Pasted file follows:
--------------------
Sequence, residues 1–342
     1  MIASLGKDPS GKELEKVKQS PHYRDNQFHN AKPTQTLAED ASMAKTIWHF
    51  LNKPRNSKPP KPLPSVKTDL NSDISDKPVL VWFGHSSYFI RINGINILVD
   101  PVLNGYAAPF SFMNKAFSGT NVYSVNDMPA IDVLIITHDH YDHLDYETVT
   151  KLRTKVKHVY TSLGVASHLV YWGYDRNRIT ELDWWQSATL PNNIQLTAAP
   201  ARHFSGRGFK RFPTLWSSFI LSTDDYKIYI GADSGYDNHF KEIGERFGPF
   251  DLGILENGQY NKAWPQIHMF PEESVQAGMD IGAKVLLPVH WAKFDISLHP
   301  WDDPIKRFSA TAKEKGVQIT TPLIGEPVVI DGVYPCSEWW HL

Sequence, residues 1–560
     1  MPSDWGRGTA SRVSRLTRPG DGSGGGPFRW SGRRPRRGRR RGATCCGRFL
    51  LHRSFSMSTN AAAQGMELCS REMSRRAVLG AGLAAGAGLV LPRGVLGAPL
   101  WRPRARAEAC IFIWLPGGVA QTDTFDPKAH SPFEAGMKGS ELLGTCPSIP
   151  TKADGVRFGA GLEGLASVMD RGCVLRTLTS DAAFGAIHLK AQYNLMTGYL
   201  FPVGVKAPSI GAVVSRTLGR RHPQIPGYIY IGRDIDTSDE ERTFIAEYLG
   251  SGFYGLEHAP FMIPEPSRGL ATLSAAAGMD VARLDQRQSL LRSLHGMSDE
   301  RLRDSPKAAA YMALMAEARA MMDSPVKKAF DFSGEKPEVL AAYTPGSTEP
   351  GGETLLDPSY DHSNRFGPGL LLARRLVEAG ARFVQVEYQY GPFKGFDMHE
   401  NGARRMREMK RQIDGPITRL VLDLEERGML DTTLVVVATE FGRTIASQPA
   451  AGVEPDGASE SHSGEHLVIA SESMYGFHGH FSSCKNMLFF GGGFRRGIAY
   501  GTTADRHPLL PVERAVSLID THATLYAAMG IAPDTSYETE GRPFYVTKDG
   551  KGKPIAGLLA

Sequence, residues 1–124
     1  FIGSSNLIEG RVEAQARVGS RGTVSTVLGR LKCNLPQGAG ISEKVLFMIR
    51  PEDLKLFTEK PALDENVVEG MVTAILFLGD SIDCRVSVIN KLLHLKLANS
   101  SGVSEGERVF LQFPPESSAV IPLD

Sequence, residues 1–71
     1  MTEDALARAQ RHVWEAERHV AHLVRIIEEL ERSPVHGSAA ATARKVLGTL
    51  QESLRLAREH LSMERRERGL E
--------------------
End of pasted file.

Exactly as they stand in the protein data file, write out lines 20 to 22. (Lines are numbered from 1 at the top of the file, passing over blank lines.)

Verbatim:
   501  GTTADRHPLL PVERAVSLID THATLYAAMG IAPDTSYETE GRPFYVTKDG
   551  KGKPIAGLLA

Sequence, residues 1–124